3. Gotta See AT Resources:
A. OCALI and ATIM, amazing info and free online training resources for exceptional children and AT. These are two must see resources!
B. Jane Farrell excellent guide to “Switch Accessible Apps for iPad and iPhone” and she has one for AAC apps as well on her website.
C. My handout from my 2016 AOTA presentation about Technology/apps for Prewriting, Handwriting and Writing
D. AT Solutions for Students with Visual Impairments (Low, Medium, and High Tech)
E. With all of the Chromebooks available in schools now and with so many speech options and others available, this is a great guide to a variety of extensions: 21 Google Extensions for Struggling Students and Special Needs
4. Some Rockin’ Resources from North Carolina!
A. From a great SLP who provides many free adapted books or icons: Chapel Hill Snippets
B. Tar Heel Reader has thousands of free books developed by and for those with disabilities with adapted access and speech options.
5. Website Wonders: these sites work so well with SmartBoard activities and especially with wireless/wired switch access methods:
A. Priory Woods (variety of access methods) wide array of engaging videos
B. Jacob’s Lessons: a website with many free online activities developed by a father of a child with autism.
C. Some more excellent and FREE online switch activities from Ian Bean.
6. Social Stories Galore
7. Power in Numbers!
A. Check out and join our 22k strong Facebook Group: Pediatric Occupational Therapists. OT practitioners ask for help and gets tons of responses on this closed group.
B. There are a wealth of OT resources (over 4K) on Teachers Pay Teachers. My favs are Jan McClesky, OTR, Gift of Curiosity, Jennifer Hier, Autism Adventures or Autism Helper. Please share yours with me in the comments.
C. Pinterest: how can you be a school OT and not love Pinterest to find great free printables, resources, and activity ideas? Remember that most of the bloggers noted above also have Pinterest boards. Check out my boards for OT, EC, AT, academia, and more: Molly Shannon, MS, OTR/L, ATP Pinterest Board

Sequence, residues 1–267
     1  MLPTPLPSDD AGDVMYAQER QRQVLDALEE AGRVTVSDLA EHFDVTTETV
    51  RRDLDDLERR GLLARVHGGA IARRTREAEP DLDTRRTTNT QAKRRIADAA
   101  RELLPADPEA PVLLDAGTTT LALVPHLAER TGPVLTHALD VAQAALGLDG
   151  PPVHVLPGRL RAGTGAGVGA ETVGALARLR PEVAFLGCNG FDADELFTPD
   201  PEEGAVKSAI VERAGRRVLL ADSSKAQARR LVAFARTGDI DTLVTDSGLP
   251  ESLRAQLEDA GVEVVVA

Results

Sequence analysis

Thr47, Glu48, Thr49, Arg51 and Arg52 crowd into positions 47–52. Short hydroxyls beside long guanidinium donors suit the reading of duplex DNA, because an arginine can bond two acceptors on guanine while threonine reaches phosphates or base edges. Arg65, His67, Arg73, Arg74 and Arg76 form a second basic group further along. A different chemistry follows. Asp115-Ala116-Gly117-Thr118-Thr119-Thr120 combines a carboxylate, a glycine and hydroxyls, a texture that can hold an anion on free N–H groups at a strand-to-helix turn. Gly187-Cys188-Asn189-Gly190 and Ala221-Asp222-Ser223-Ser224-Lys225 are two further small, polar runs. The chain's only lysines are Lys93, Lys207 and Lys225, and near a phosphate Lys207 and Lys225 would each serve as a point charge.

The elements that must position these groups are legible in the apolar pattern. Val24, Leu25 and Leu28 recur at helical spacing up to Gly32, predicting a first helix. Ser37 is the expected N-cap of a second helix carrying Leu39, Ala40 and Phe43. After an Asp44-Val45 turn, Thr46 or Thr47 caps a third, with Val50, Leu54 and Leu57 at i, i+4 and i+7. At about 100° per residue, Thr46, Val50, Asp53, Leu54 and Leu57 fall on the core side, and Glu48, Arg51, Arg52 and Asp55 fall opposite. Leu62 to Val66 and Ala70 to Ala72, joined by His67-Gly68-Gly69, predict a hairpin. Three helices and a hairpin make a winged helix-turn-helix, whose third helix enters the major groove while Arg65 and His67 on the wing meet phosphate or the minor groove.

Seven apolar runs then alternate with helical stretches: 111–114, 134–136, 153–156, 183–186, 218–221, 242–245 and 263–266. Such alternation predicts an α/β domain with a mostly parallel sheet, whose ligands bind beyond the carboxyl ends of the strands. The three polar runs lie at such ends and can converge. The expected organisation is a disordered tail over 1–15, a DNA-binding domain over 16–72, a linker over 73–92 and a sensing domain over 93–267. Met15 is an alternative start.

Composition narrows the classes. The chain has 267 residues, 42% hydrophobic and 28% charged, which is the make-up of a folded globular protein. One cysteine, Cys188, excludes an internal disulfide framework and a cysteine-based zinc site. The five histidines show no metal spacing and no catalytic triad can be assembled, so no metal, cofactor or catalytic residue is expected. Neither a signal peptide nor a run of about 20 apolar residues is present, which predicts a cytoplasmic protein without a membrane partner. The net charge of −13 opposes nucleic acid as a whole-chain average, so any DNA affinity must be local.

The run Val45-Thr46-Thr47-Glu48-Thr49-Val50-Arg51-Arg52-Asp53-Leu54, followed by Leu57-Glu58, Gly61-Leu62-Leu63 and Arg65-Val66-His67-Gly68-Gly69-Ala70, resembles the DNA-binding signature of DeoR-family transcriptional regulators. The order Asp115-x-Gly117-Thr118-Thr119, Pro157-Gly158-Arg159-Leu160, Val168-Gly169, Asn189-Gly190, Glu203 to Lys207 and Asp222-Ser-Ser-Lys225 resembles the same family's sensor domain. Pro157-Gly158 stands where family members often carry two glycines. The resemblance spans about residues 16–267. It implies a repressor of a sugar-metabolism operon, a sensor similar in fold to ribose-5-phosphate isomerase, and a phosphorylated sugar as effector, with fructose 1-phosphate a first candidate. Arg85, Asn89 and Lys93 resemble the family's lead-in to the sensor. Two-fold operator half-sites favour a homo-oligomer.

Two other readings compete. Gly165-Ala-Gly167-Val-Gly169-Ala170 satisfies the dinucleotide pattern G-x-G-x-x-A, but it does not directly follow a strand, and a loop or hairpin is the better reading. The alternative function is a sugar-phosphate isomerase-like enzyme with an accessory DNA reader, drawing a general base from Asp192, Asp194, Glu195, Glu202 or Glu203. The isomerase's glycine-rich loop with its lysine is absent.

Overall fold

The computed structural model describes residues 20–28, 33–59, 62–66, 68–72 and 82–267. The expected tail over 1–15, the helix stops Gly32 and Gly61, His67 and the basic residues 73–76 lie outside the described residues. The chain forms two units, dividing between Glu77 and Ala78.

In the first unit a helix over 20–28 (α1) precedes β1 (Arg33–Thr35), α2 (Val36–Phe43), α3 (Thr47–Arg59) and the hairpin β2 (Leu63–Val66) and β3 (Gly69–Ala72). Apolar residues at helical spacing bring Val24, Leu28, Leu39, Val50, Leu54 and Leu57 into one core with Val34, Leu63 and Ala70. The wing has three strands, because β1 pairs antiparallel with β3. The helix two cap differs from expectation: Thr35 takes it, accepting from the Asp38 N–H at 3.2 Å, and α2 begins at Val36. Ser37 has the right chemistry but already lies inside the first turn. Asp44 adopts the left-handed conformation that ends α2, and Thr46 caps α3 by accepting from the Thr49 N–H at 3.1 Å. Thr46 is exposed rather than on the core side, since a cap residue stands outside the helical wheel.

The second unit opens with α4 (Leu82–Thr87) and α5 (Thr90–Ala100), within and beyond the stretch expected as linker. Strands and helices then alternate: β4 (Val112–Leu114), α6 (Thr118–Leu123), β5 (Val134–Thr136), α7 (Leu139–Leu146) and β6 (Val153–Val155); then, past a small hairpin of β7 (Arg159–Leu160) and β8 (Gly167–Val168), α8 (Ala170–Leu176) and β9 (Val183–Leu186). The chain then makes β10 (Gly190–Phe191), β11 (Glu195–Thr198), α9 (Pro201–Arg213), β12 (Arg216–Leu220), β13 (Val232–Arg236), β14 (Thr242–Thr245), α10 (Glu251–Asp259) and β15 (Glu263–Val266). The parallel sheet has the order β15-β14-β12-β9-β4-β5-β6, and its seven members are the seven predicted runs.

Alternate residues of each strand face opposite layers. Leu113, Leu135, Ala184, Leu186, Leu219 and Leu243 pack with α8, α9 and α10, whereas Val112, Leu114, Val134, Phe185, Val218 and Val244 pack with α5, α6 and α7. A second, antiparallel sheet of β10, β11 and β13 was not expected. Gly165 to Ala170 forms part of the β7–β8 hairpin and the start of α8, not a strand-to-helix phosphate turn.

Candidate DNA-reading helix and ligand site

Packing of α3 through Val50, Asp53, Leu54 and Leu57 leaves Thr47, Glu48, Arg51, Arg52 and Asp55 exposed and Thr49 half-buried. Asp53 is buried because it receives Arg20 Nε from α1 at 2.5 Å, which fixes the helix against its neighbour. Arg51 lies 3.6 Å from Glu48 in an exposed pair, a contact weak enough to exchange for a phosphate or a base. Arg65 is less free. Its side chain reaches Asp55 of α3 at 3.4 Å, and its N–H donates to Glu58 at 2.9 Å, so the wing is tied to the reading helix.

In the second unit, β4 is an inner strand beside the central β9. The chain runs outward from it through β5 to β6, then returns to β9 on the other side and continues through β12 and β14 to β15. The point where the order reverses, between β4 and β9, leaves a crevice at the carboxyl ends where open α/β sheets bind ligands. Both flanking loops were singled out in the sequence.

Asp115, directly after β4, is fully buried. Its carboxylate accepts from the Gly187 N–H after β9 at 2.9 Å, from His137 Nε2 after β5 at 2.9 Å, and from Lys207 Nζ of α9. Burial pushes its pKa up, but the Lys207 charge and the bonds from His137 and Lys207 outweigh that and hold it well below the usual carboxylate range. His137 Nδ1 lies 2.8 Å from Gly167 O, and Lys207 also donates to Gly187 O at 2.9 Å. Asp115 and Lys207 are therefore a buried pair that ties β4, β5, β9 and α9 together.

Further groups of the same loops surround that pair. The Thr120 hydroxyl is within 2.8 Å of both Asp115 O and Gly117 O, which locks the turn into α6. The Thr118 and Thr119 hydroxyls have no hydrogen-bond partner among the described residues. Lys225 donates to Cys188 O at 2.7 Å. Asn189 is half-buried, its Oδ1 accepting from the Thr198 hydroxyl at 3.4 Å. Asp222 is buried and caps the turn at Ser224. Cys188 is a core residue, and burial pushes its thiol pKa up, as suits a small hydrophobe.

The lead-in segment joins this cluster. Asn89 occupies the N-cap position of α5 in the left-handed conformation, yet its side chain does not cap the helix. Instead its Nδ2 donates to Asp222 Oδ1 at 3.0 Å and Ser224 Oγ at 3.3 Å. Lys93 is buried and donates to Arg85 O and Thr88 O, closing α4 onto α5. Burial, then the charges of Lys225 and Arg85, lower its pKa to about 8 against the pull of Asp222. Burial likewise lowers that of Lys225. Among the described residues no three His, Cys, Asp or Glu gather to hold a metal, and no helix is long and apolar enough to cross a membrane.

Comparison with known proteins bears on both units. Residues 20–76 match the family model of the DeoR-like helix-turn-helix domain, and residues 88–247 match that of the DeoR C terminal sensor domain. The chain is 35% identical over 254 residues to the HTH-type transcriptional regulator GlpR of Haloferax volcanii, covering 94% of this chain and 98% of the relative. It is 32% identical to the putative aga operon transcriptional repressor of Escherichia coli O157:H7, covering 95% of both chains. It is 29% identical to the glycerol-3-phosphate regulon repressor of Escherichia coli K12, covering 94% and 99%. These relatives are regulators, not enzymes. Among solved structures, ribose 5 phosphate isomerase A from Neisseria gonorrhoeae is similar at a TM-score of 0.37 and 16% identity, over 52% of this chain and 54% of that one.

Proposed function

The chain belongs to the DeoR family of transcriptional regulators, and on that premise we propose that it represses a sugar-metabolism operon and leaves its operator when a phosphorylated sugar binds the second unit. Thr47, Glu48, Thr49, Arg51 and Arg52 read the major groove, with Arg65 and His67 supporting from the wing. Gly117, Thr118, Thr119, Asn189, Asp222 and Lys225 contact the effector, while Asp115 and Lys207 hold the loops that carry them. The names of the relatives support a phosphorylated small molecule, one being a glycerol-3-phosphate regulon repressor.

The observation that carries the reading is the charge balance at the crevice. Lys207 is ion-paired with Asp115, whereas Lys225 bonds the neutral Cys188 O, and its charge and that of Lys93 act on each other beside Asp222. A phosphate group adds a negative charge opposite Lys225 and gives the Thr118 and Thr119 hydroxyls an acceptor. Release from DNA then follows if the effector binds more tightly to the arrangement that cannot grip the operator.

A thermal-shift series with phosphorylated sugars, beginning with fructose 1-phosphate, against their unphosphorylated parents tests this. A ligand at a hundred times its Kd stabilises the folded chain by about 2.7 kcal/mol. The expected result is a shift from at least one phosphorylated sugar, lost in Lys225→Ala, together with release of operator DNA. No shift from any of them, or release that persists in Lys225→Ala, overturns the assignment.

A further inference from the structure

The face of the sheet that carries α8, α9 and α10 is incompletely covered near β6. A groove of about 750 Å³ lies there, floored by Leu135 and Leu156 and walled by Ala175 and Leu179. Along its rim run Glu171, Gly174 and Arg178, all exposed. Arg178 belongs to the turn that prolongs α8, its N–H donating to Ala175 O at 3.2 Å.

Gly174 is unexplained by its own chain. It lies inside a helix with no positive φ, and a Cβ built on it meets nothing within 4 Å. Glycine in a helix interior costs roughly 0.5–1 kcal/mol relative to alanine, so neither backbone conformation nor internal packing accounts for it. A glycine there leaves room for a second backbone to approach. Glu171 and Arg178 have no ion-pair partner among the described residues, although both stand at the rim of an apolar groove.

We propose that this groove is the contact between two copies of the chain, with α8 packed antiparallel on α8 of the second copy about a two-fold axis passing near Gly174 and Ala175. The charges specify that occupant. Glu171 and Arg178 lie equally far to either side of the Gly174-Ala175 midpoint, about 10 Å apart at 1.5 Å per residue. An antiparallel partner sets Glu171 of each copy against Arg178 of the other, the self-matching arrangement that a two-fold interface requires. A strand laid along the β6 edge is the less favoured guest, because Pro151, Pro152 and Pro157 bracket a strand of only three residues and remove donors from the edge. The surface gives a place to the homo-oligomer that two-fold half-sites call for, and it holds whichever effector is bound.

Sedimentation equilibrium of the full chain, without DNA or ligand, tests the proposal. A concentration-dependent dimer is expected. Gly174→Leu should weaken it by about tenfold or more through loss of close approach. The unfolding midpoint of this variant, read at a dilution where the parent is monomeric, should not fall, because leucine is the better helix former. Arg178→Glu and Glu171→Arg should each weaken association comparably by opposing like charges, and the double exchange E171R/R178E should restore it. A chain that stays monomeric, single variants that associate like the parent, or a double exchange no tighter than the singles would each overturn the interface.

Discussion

While we wear many important hats working in the schools as OTs, being a go-to source for a wide variety of information and resources is vital in our provision of quality services to our students, their educational team, and their families. I hope that you’ve discovered a few new gems to help you in your job as a school OT. Please share with me any of your favorite, must-have resources, as well!
Molly Shannon, OTR/L, AT , is an occupational Therapist with 33 years’ experience and currently working in the public schools as a school-based Occupational Therapist in NC. She has specialized in the provision of Assistive Technology for 29 of those years and is RESNA certified as an Assistive Technology Professional. In addition, Molly is an Adjunct Professor of Occupational Therapy at Cabarrus College of Health Sciences in the Master’s Program teaching Therapeutic Adaptations/Assistive Technology in OT. She loves to present and train others in Assistive Technology and has been a national-level conference presenter since 1989. She has worked with clients of all ages and with a wide range of disabilities in public/private school settings, non-profit educational/therapeutic agencies, outpatient/inpatient rehabilitation, and with the North Carolina Assistive Technology Program. You can connect with Molly on Twitter site, Pinterest Boards, or her ATandOT Facebook page.